The other day I was stuck in traffic - and no, not the day from the post below - and I was jammed in behind a Japanese-made, steel-and-glass tribute to one of Oregon's great traffic traditions, Let's Move Left And Drive Really Slow In The Passing Lane. I finally gave up trying to pass to the right, threw up my hands and shouted at the guy's bumper:
"You're slower than a day without bread!"
Maybe it was because I had SO much time on my hands that I started thinking about that expression, my verbal SOP for anything painfully slow. It's an odd phrase; IS a day without bread slow, and why? Where did I pick it up?
For the "day without bread" line I can remember exactly where I picked it up - from a coffeetable book I had as a junior high age kid about "Famous Sieges" (see, I was already a War Nerd, even at 14) In the article about the Siege of Turin there was a delightfully oddball little story about a Piedmontese sapper by the name of Pietro Micca. The story was that Pietro and his squaddies were preparing some demo to explode a party of attacking Frenchmen and the other guys were moving like pond water. Pietro shoved the ragazzi della scimmia back down the tunnel shouting that they were slower than the aforementioned day without bread and fired the det cord, blowing himself and the Frenchies out of the world and into legend.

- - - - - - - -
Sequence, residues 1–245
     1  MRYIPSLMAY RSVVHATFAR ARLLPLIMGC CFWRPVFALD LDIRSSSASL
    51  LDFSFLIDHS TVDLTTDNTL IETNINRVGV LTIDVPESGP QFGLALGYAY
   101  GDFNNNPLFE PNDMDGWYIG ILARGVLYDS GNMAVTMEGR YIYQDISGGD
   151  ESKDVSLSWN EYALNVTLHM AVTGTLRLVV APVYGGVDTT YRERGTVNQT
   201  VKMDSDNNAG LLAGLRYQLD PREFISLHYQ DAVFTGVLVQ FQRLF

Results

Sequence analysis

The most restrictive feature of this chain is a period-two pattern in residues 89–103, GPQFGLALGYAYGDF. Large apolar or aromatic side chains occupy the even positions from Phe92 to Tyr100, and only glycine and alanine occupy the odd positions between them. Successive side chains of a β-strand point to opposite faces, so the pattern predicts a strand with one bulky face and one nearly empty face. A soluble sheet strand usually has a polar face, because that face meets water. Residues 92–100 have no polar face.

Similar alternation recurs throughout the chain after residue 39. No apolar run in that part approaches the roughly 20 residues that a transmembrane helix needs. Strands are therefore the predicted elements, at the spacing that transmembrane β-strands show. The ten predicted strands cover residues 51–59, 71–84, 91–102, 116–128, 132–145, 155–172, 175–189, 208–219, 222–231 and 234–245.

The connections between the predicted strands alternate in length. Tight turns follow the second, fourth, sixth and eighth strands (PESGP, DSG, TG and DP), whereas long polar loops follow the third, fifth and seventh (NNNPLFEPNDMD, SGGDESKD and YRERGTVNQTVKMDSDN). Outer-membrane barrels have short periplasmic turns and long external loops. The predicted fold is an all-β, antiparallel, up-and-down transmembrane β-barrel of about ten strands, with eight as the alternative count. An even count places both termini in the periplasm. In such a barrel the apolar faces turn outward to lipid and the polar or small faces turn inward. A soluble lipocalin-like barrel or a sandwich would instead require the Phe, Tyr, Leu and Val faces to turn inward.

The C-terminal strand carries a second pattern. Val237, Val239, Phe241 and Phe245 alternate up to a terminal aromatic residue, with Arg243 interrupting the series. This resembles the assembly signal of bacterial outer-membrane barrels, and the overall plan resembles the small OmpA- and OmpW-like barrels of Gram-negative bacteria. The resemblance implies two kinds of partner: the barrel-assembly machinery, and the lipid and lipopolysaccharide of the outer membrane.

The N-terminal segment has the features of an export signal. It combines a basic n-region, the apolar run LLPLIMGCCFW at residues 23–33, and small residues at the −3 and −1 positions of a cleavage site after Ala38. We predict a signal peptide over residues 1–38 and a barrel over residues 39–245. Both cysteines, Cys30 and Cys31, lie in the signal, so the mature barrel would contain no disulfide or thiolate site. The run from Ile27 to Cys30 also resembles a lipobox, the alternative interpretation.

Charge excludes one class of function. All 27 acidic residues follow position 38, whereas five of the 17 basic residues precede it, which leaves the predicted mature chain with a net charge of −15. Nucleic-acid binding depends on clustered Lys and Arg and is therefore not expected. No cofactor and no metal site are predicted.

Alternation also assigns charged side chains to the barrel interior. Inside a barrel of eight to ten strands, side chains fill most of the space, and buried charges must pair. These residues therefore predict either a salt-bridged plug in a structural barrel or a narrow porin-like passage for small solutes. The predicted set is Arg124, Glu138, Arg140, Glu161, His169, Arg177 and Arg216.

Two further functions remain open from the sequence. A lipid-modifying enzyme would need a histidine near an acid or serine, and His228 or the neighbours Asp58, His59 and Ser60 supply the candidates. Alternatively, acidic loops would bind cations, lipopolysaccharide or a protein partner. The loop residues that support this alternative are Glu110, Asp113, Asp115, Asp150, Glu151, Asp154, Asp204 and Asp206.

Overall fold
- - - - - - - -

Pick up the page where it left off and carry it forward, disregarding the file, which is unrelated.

For some reason I really liked Pietro's frustrated slogan, and I've used it for 35 years now.
So now I wonder...am I wierd? Am I the only person who does this, picks up off-kilter tags and phrases out of books or movies or quotations and recycles them?
Do you? And if you do, what is it/are they? I'm really curious; drop me a comment and let me know - what's your "day without bread"?